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Political Science
Lilach Gilady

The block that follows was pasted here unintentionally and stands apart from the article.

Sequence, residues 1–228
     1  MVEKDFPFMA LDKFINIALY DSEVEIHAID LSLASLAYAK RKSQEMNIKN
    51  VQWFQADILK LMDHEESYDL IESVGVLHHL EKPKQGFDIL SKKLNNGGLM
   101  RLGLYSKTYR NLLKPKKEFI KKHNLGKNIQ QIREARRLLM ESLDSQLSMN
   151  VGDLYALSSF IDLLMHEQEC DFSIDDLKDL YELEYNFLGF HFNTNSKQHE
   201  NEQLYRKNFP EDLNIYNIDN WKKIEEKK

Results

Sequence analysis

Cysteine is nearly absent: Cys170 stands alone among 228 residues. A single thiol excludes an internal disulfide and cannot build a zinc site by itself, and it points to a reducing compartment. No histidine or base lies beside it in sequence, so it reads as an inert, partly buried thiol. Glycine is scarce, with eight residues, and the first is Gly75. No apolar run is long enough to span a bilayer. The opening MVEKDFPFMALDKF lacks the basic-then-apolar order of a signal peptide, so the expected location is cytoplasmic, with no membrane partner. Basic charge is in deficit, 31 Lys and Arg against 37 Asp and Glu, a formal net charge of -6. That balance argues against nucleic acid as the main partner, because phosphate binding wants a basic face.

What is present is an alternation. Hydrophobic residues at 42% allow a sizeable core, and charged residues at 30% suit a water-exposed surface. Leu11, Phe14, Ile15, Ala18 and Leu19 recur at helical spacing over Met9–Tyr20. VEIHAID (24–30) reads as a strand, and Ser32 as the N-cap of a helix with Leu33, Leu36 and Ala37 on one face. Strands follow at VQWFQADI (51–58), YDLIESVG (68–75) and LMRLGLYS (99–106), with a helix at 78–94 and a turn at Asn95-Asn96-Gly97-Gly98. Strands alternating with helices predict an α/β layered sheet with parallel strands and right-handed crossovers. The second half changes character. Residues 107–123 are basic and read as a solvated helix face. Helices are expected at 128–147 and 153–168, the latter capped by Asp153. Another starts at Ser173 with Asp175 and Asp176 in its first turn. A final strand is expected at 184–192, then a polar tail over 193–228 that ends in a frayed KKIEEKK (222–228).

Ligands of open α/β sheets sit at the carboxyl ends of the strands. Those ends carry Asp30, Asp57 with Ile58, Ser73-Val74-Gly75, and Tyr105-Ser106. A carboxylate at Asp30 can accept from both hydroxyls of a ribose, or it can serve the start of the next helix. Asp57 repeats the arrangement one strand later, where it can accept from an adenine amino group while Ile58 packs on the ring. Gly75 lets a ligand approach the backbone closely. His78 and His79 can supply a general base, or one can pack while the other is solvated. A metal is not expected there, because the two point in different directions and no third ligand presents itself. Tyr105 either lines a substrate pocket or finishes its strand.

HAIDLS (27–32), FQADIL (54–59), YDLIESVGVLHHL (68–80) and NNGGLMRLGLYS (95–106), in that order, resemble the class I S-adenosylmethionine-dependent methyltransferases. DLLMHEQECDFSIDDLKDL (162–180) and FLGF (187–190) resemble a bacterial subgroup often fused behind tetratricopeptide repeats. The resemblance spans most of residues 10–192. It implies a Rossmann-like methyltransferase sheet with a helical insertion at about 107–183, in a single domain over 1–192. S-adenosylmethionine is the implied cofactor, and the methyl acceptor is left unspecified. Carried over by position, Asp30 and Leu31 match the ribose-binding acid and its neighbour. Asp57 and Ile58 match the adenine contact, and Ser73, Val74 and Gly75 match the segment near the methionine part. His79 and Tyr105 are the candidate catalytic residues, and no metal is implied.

Section 1. International political economy International political economy Guns vs butter is a metaphor used to describe a trade off between military spending and spending on civilian welfare. Opportunity costs are the utility of options used as the result of making a decisions. War economy are the patterns of production for the purposes of war making. Economic welfare is the inane disturbance of an adversary's economy to diminish its power. The concept of guns vs. butter is a common metaphor for the national production possibility frontier. As societies, we can choose between two types of goods: guns (defense) and butter (civilian). For any amount of butter produced, we sacrifice a certain amount of guns, and vice versa. In IR we assume that both are necessary, so the real choice for societies is what the balance will be between the two. The metaphor becomes very important in wartime, because that is when the trade-off becomes most noticeable. For example, in WWII Britain, families’ water and food were rationed so that resources could be directed toward the war. Guns vs. butter is also useful in differentiating between economic liberalism, economic nationalism and Marxism. For liberals, there is always a trade-off. Butter should be chosen over guns because cooperation between countries is boosted by increased trade and undermined by increased defense. For nationalists, there is no dilemma between guns and butter. As sources of power, both trade and defense should be employed strategically to ensure a nation’s relative advantage. For Marxists, guns serve the needs of butter: the military- industrial complex (the guns) represents the interests of the capitalists, who have all the butter. International political economy in IR Important because it is our view of the role of the economy. Economic liberalism is an approach to international political economy premised on the belief efficiency creates growth and welfare. It is committed to the standard case for international trade (Adam smith) and concerned with absolute rather than relative gains. This approach also limits the role of the government (laissez-faire). Economic nationalism is associated with realism. It is the view that wealth is a source of power that international politics amounts to a competition for primacy and that the economy's primary purpose is to contribute to state power. This approach is more concerned with relative gains. This interdependent approach will lead to vulnerability. Marxism sees the world economy as dominated by capitalists who seek the maximum profit. Profit-seeking leads to overproduction , ultimately resulting in instability and systematic crisis. Lenin modified the original Marxist theory to allow for imperialism as a means of delaying the ultimate crisis of capitalism. In sum: Liberalism- minimal intervention Nationalism- economy's purpose is to contribute to state power. One compliments the other Marxism- complete control Gilpin: Liberal perspective: • Organizing and managing a market economy to receive the most economic growth and individual welfare • An individual will seek to acquire an bike give unit until a market equilibrium is reached • Governments should not intervene, opportunity costs: to get something one must give something up Nationalist perspective: 1.Wealth is an absolute means to power 2.Power is essential as a means to retain wealth 3.Wealth and power Re each proper ultimate ends of national policy's 4.There is long run harmony between these ends • The role of the market is to strengthen the state, and increase power • They are not used together to create pace, infant the economy is the number one source of conflict Marxist perspective: • Political conflict arises from class struggle over wealth • Economic growth will eventually lead t the highest state of capitalism, until it falls 1.Law of disproportionality: denial that supply and demand will always be in balance, capitalists tend to go toward overproduction, crisis of overproduction will become more and more severe 2.The law of concentration of capital: increased concentration of wealth in the hands of few and growing impoverishment of many, this leads to the idea of a revolution 3.The law of falling rate of profit: uneven development causes countries to go to war with each other if a country has no incentive to invest in another country. Trade and globalization 1 International trade Adam smith- advantages of free trade, countries can enjoy absolute advantage Ricardo- comparative advantage of free trade- when costs are lower and more effective to pay instead of trade due to transaction costs, opportunity costs, relative prices. Terms of trade are important for Ricardo because it looks at the ratio of an export commodity to an import commodity and analyses the fairness. (Raw materials vs. processed goods) • Heckscher-ohlin theorem: a country has comparative advantage in producing goods that make relatively intend use of countries realistically abundant factor • Stolper-Samuelson theorem: owners of a relatively abundant facts of production benefit from free trade, owners of scare production benefit from protectionism (tariffs, subsidies, etc. subsidies: measured through free trade, a sum of money that the government gives a company to keep the prices low, dumping: a country sells products abroad in princes that are artificially low; drive other competition companies out f business and then raise their prices again) The logic of PROTECTIONISM: becomes an outcome of an international prisoner's dilemma because you do not know which countries are join got screw you over so you put up barriers in order to avoid it. Krasner: • Realist theory: the dimension of power effects the behaviour of things; the hegemon has a lot of power and effects the behaviour of our actors • States prefer to avoid vulnerability n • Protectionism is costly and small states cannot afford the costs of protectionism therefore have to open up. • Large states can choose to opt out of protectionism for the benefits of free trade • Large states have the ability to enjoy free trade without compromising stability • A hegemon enjoys comparative advantage • Use its powers to force other countries away from protectionism and open up • Hegemon will always say that they want free trade because it serves their own interests Trade and globalization 2 Hegemons are top big to fail, they enjoy comparative advantage and therefore benefit from free trade; they have the ability to set trade rules that benefit its interests. They can use their powers to convince other countries to open up. Kindleberger spiral: trying to measure e volume of world trade as the economic crisis evolves. As time goes on, the level of trade goes down. Countries respond by closing markers and imposing protectionism. This is ineffective because as trade goes down so does manufacturing and so down implement therefore depression deepened. Bretton woods: 44 nations met in 1944 to discuss how to rebuilt the structure of the economic system after the war. IMF: stabilize the exchange rate between countries. Solutions: world bank, general agreement on tariffs and trade (GATT) Globalization: process by which nationality and geographic location became increasingly irrelevant for economic activities. • Serves state interests • Institutional dimension • Systematic factors: hegemonic interests, technology Race to the bottom: in a globalized society, capital can exist and move to a more profitable location. Therefore, taxation, labour laws. Environment regulations etc. can induce capital to move elsewhere. This is a socio- economic concept that is argued to occur between countries, states, provinces or territories as an outcome of globalization, free trade,neoliberalism or economic deregulation. When competition becomes fierce between geographic areas over a particular sector of trade and production, governments are given increased incentive to cut business regulations, labor standards, environmental laws and business taxes. Rodrik How far will integration go ? Political trilemma: countries cannot simultaneously maintain all three (economic integration, mass politics and a nation state) Options: • Economic integration+nation state= a Race to the bottom, Choose to liberalize everything to maintain the national government, movement ofmcapitalmis a treat toward government, we lose the option of mass politics (democracy) • Economic integration + mass politics= global federalism, loss of the nation state will lead to a global government • Nation state+mass politics= Bretton woods. We won't have as much economic gain, limited economic integration, control on monetary movement. Eichengreen When currencies collapse We currently rely to much on the dollar and the euro and both are giving doubts about their stability of the future. Look at the examples of 30s and 70s to avoid a collapse however we do not have another currency to fall back on. 1930s: depression. Good played a significant role as countri used it as an international monetary reserve. Interest rates rose, Roth slowed and us stock markets collapsed. Led to English banks removing the gold standard and capital was going out of countries rather than liquidation. Countries relied to heavily on the two currencies without backup 1970s: Bretton wood was created, which was a new international monetary system where currency values were fixed but it was against the dollar. Institutions (GATT,IMF) were successful as they increased stability while increasing growth in trade. There began to be doubts against the dollar, currents floated against the dollar, however global trade actuAlly rose after the collapse because institutions provided stability but us was not dependent on Bretton woods Hegemonic stability theory: a hegemon naturally has an incentive to implement free trade because they enjoy comparative advantage from trade. "Too big to fail"-> stability and security are ensured for trade. The solution is to maintain stability and secure confidence while helping those countries that are struggling to increase the over all economic growth. North and South Modernization Theory: there is a growing gap between developed and less developed states. Industrialization> urbanization > rise of the middle class > democracy> growth. This theory assumes that European model is universal, with minimal government intervention and free trade. The idea that all states develop in the same way. Assumes that the only idea of development is contemporary "modern" societies and that all other nations will take the same party at some point from industrialization to modernity. Walt Whitman Rostow. The J-Curve of economic reform: the economy will get worse before it gets better. Likely to lead to political measures in order to help settle the struggle. Only those institutions strong enough are able to enjoy the benefits of reform. Charlton Can Trade Liberalization Benefit Both Rich and Poor? Trade Liberalization: lowering barriers, greater openness to competitive markets and less artificial restrictions to trade, this increases economic growth and prosperity because t can increase the quality of goods and the amount of cheaper goods available, it generates new jobs and it increases peace since higher levels of international trade is usually associated with lower levels of hostility among trading nations. Disadvantages of Free Trade: growing global instability, the distribution of wealth both within and between states has increasingly grown unequal, and unfettered global competition creased incensed pressure to abandon domestic social policies, environmental regulations and human rights protection. Free trade benefits both developed and developing countries according to Charlton. It has increased American household income by lowering costs of goods and services, it has increased wages and it is making more effective American companies. If done right, free trade will help developing countries get out of poverty and allow them to bargain on equal terms with developed countries. Objective of US commercials: 1. foster economic prosperity, 2. protect US political alliance campaign. Opposition to free trade according to Charlton is a short sighted and does not look at the long term benefits of it. Free trade boosts growth and provides meaningful employment. Economic liberalization will ultimately lead to global development (NATIONALISM?) FAIR TRADE: Stigilz - what is often practiced as free trade is not actually free trade. There are usually additional barriers on products being traded as "free". A lot of the FTA that are established by the US are designed on the basis of US economic interests and effects the development of developing countries. The FTA set out by the Bush administration is not a free-trade agreement at all but is designed to benefit US economic interest and the US keeps it subsidies which they do not allow developing countries to have counter subsidies. Free trade/ trade liberalization has made many people in developed and developing countries worse off because they are over powered by the bigger corporations and nations. There is a growing inequality in both developed and developing countries. Americans loose their jobs to lower waged workers in different countries. The standard economy theory does not say everyone will be better off, it is just the winners, therefore the rich get richer and the poor, poorer. Many countries that have increased their levels of trade growth like China, have grown faster but countries did not liberalize, instead used protectionism because they become vulnerable. Foreign banks only become interested in large corporations than small local/ medium sized businesses. Protectionism is bad but most countries economies developed with some form of protectionism. Sachs Strategic Significance of Global Inequality Priority is given to national interests and their influence on economic growth over state preservation. 1.Poverty Trap: countries are too poor to sustain economic growth due to failure to fulfill basic standards that would encourage new investments 2.State Bankruptcy: States inability to fulfill its current debts. This is typically associated with foreign creditors, similar to a poverty trap. 3.Liquidity Crisis: reverse of capital flow 4.Transition Crisis: when political and economic regimes undergo a significant institutional regime International Regimes and Organizations It had been proven that the more developed a country is, the nicer it is to live there. The j-curve economic reforms are politically challenging especially when political institutions are weak and legitimacy is low (due to a lack of democracy if regimes) Weak institutions are the product of a variety of things: 1.Colonial legacy: no institutional infrastructure... No modern self rule tradition, many places do not hold a nation state in a colonial legacy, traditional authority structures;culture; geography. Instability leads to weak institutions lead to instability (continuous cycle that is difficult to break) 2.Curse of natural resources: decline in manufacturing, high levels of unemployment, and exports, government does not rely on taxation, until there is stability, they are corrupt. 3.Geography and poverty trap: war leads to poverty; poverty leads to war... Natural disasters, modernization theory New international economic order: helps diminish gap between north and south. We need economic intervention in the market forces in order to start imaginary in a more just way (nationalism) Dependency theory: alternative to modernization theory..development and underdevelopment emerged simultaneously. Some nations are deflated and some are underdeveloped, one feeds off the other. Dependency theory argues that all countries are modern, even developing nations. They Re not behind in time they just exist as a result of modernity. Developing nations are the way they are because of the way they have been inserting into the world system. The development of some depends on the exploitation of underdevelopment of others. Institutions help increase cooperation, stability, prosperity, and emergence of governance. Meirsheimer The false promise of international institutions Institutions push states away from war and promote peace. Liberal institutionalism:addresses how to prevent war. Economic and environmental cooperation between states is more realistic than stat